”I think I need a rubber tonight,” offers Scissor Sisters frontman Jake Shears. New York’s disco??new wave party people are in freak mode on their third disc Night Work, dropping crass come-ons and slutty entendres like parade confetti (gay, straight, you name it). The songs are pretty spicy too, mixing Elton John, the Bee Gees, and Depeche Mode in strobe-light heaven.
Three years in the making, Scissor Sisters are finally ready to debut their third studio recording, Night Work. No surprise here—it’s a dance album filled to the brim with beats that could make even a corpse twitch. Fans of the band’s throwback disco vibe have a handful of tracks to cling to, but for those of us who are turned off by the Barry Gibb falsetto (I still haven’t forgiven them for that mediocre bathhouse cover of “Comfortably Numb”) there is some intriguing diversification.
Because of their flamboyance and aggressive pursuit of camp appeal, it’s easy to overlook how smart Scissor Sisters is about their approach to pop. To that end, their latest effort, Night Work, is the band’s most successful and fully realized work to date. The asstastic Mapplethorpe photograph on the cover isn’t just used for shock value: It’s a perfect choice for an album that approaches leering as its primary raison d’être.
If the cover of Night Work did not clue you in, let's just state the obvious right now: This is a very, very gay album. Whereas the first two Scissor Sisters records found a way to translate specifically gay subject matter into big-tent camp that opened up their appeal to anyone with a taste for colorful dance music and 1970s radio pop, their third album isn't quite as inclusive. They are no less tuneful, but their aesthetic and lyrical themes are more firmly rooted in gay culture, to the point that many straight listeners may find themselves feeling like outsiders looking in.
Scissor Sisters completed and then scrapped an entire album before Night Work, not only ditching arrangements and mixes but an entire set of songs. When they re-entered the studio, it was with producer Stuart Price, whose work with artists from Madonna to Kylie to Pet Shop Boys to the Killers proved his hit-making potential -- and whose music, including the excellent Darkdancer as Les Rythmes Digitales, is one of the best love letters to the '80s dance scene ever produced. Price ably provides the '80s in full force, with obvious touchstones from Duran Duran to Giorgio Moroder to Prince to Kenny Loggins' "Footloose" to Pet Shop Boys.
"Now we're free to be No 1," sings Jake Shears on Fire With Fire, which demands the response: "Well, we'll see about that". The Scissor Sisters scrapped an album's worth of material before Shears decamped to Berlin for inspiration and Madonna-associate Stuart Price was brought in to co-produce. The result imagines where 80s dance music would have gone if Aids had never existed; apparently, it would have stayed where it was, with glittering synth-pop and a ravenous approach to sex as the fulcrum.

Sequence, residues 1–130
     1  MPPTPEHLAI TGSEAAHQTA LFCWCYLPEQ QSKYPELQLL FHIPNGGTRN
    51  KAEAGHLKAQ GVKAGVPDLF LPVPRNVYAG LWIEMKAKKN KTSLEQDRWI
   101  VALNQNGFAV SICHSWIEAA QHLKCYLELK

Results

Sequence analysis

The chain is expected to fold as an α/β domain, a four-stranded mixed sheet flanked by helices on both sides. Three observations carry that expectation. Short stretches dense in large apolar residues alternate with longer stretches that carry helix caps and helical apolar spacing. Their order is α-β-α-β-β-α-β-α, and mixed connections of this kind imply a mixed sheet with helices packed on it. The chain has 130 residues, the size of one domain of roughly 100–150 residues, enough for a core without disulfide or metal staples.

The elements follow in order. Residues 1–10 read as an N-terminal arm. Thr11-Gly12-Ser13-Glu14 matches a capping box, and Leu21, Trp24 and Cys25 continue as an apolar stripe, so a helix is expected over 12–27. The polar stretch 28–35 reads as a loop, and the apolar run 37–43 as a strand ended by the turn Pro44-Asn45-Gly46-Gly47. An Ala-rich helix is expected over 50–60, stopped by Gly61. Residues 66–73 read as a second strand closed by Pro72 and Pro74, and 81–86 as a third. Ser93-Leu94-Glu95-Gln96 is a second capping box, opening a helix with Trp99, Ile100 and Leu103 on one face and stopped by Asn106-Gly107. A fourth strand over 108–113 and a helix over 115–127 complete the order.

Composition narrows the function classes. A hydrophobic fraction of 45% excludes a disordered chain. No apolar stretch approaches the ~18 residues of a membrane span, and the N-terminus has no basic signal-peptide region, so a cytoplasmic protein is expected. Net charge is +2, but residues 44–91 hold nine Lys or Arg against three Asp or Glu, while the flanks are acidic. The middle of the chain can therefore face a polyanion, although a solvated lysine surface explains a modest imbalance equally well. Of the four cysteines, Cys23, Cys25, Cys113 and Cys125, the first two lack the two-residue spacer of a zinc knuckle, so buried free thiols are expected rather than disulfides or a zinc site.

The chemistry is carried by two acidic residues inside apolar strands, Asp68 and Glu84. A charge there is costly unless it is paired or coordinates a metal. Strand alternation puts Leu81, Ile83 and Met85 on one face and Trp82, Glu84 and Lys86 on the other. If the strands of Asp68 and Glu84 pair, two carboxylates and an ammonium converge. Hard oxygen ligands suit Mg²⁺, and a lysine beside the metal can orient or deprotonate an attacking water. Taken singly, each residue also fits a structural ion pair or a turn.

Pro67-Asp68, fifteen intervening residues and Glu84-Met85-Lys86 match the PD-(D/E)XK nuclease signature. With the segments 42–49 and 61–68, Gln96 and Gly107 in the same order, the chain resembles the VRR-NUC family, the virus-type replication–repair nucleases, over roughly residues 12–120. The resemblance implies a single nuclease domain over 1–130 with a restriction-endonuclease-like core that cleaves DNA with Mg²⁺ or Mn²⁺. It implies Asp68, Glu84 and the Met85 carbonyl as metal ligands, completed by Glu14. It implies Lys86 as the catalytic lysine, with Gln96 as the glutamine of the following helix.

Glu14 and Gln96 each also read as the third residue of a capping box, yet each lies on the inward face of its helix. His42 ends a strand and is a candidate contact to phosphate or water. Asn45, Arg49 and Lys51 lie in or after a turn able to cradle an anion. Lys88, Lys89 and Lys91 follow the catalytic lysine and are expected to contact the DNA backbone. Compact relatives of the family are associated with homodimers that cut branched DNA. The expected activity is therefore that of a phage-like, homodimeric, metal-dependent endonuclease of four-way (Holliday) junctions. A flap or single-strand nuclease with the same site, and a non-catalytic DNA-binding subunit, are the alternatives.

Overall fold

There is an overall lack of animating passion to be found on Night Work, the third Scissor Sisters album, some barely tangible quality that would otherwise transform these songs into something inspired rather than something merely competent that is simply missing here. As unfair as it may be to hold the band’s biography against them, the circumstances surrounding the making of Night Work turn out to be especially telling: having spent a year and a half in the studio recording what was to be the follow up to Ta-Dah (2006), the band (whose original drummer Paddy Boom quit during this period, here replaced by the as-goofily-named Randy Real) ended up scrapping entirely the fruits of this labor, grabbing superstar producer Stuart Price (who had previously done some remixes for the band) to help put together what turns out to be exactly the by-no-means disastrous yet largely safe, middling and even exhausted-sounding effort that such a back story would suggest. What makes Night Work so particularly disappointing is how it finds the Scissor Sisters coming off of two of the most dazzlingly brilliant pop albums of the previous decade.
Scissor Sisters' electro-pop defined mainstream music in the Noughties, with every producer, songwriter and pop artist clawing for a bit of their success. Imitation is the sincerest form of flattery, though possibly not when that imitation is Mika. Even though Scissor Sisters have been consumed, digested and regurgitated by the mainstream, ‘Comfortably Numb’ was still a defining moment in pop.
A far livelier and more enjoyable record than 2006’s Ta-Dah. Jaime Gill 2010 It’s obviously unwise to begin a pop career with a dull, dreary album, but it can also be a curse to start out with anything too glitteringly good. Take the oddly parallel careers of Franz Ferdinand and Scissor Sisters: both released brilliant self-titled debuts in February 2004 which grabbed the zeitgeist and gobbled the charts, then rushed out disappointing follow-ups and found themselves mired in false starts while recording nightlife-themed third offerings.